5 Tuna Fishing Season Facts You Need To Know

By Debbie Hanson

May 16, 2017

Find out how tuna fishing season is regulated, where to catch bluefin tuna, yellowfin tuna. Learn when to try your luck at catching one of these giant fish.

Photo Credit: Daniel Andrews

If you're an offshore angler who loves an adrenaline rush, you may be counting down the days until tuna fishing season is underway. Few saltwater species can provide the same type of challenge and thrill that these powerful pelagic fish can. Whether you want to catch bluefin tuna off the coast of New England or yellowfin tuna while on vacation in Hawaii, one thing is for certain; tuna fishing is not for the faint of heart.

Before you board a sportfishing boat for a bluefin tuna fishing trip or yellowfin tuna fishing trip, you need to know these five facts about tuna fishing season.

  1. Bluefin tuna and yellowfin tuna are highly migratory species that are regulated on the federal level by the National Marine Fisheries Service. This means that federal regulations apply in state waters. If you want to learn how to fish for tuna, you need to know the federal regulations that apply to these species.
  2. There are two species of bluefin tuna that are targeted in the United States: the Atlantic bluefin tuna and the Pacific bluefin tuna.
  3. Atlantic bluefin tuna season runs between June and November along the Eastern North American seaboard, while Pacific bluefin tuna are generally caught off the coast of California between May and October.
  4. Yellowfin tuna are primarily caught off the coasts of Texas, Louisiana, Southern California, and Hawaii during the summer or early fall months.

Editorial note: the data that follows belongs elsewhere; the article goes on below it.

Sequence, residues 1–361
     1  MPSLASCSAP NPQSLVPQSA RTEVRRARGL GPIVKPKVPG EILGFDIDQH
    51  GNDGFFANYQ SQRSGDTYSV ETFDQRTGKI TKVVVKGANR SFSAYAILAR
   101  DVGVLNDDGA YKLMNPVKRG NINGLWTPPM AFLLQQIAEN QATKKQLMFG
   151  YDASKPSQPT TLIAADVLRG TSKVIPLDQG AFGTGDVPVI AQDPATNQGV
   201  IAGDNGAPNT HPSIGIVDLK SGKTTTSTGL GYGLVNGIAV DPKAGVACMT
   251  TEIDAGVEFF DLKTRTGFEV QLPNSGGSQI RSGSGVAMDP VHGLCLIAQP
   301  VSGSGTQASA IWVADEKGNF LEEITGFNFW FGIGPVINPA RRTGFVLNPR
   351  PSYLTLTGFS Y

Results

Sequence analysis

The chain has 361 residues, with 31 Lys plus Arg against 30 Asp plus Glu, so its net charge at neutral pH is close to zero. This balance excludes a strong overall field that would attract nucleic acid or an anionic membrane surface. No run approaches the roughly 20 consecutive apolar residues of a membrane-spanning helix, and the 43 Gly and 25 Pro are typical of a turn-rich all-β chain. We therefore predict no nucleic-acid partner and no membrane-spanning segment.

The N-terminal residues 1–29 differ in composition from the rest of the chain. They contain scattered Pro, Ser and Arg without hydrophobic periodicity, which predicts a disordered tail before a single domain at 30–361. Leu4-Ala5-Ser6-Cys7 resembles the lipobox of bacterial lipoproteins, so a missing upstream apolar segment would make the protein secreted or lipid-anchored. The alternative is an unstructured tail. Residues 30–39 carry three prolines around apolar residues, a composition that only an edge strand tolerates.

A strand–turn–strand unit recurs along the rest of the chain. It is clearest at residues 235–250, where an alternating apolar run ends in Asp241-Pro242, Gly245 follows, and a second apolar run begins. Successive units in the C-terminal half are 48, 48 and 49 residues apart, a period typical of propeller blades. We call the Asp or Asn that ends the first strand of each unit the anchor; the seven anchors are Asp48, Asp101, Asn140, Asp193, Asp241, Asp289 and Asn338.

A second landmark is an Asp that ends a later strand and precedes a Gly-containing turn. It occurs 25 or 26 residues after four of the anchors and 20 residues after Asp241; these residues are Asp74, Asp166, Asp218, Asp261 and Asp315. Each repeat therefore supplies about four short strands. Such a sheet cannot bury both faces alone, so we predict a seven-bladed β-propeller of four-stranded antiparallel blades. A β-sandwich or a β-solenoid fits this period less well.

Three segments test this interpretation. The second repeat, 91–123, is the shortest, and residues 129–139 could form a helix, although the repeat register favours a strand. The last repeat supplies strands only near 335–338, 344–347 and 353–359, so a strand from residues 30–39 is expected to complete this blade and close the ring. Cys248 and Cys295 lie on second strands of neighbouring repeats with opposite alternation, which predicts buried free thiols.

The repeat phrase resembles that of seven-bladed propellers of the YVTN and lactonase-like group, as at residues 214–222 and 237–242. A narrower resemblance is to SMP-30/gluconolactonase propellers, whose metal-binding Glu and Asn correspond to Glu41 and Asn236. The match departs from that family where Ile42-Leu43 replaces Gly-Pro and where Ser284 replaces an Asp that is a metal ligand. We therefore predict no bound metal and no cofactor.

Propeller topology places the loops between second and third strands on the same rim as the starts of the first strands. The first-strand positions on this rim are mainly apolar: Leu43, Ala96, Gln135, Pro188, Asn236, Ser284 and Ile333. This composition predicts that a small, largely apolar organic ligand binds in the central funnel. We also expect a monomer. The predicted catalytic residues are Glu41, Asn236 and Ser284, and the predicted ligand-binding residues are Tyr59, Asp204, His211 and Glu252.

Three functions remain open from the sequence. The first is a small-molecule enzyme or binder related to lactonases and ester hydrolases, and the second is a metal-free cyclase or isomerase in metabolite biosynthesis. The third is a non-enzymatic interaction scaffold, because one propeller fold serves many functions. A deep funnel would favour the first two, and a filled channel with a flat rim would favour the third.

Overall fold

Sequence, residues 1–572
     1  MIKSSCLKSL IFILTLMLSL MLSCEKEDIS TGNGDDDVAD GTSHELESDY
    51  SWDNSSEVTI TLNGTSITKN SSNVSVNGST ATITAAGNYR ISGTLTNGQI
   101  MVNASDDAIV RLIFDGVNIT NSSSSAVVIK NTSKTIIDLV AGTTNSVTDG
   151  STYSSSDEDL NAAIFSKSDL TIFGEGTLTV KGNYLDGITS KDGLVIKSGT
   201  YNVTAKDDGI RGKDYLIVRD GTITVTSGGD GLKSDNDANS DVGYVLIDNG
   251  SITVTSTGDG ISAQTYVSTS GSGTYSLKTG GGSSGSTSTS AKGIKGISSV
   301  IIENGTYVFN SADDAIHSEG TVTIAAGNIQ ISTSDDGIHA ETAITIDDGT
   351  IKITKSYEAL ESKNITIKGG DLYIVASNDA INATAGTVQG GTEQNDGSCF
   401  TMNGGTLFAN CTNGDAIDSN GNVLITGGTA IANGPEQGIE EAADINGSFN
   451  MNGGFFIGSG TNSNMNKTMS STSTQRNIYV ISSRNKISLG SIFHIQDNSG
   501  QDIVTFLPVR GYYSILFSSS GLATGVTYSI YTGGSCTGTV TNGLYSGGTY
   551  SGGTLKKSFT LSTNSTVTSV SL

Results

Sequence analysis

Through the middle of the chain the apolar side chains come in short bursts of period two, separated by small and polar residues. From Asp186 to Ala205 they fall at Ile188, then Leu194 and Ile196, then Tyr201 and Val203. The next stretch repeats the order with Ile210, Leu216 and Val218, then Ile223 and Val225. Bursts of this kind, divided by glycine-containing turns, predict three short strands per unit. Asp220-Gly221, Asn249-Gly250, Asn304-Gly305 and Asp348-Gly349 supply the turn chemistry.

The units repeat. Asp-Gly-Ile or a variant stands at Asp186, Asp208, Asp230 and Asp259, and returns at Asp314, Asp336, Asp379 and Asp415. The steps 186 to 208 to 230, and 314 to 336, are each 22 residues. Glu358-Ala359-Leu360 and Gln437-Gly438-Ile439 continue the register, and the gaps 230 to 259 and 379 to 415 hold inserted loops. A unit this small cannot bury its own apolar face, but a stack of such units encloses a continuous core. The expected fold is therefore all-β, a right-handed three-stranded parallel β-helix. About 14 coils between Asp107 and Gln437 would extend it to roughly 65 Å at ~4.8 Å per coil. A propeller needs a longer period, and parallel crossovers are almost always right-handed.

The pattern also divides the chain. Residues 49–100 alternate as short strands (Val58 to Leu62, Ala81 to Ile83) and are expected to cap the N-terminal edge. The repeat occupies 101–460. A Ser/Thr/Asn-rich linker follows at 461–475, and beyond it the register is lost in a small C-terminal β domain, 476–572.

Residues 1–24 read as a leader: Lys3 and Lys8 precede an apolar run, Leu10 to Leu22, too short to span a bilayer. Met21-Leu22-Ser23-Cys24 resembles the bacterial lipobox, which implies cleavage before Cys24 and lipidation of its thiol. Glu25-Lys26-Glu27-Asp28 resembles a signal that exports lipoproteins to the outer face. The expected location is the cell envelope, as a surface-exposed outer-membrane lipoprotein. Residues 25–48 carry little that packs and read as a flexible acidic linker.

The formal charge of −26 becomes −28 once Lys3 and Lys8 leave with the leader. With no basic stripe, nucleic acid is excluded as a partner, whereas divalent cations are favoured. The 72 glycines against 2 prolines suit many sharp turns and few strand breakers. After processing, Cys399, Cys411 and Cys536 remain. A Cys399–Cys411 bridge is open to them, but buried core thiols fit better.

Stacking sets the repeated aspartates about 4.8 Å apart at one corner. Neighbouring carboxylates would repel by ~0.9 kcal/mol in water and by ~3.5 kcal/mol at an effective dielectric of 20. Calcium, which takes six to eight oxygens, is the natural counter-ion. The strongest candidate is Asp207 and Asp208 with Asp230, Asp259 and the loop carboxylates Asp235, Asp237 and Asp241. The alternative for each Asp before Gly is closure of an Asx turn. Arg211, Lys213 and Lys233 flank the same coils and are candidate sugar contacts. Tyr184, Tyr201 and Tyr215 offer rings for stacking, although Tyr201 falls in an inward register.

5. Fishing between dusk and dawn is best when targeting tuna. Without the light of day, it's easier to increase the weight of your tackle without the sharp eyes of a tuna becoming wise to the situation. Heavier tackle can greatly improve your chances of landing one of these intensely hard fighting fish. Use a 50 to 80-pound class conventional reel (use the larger size for bluefin tuna) and 6 to 7-foot heavy rod for trolling.

Before your first tuna fishing trip of the year, make sure you've finished your tuna season homework. Be aware of any regulations updates, buy your saltwater fishing license online, and don't forget to bring along heavy offshore tackle for fishing tuna.

Debbie Hanson
Debbie Hanson
Debbie Hanson is an award-winning outdoor writer, women’s sport fishing advocate, IGFA world record holder, and freshwater guide living in Southwest Florida. Hanson’s written work has appeared in publications such as Florida Game & Fish Magazine, BoatUS Magazine, and USA Today Hunt & Fish. To learn more about her work, visit shefishes2.com or follow her on Instagram @shefishes2.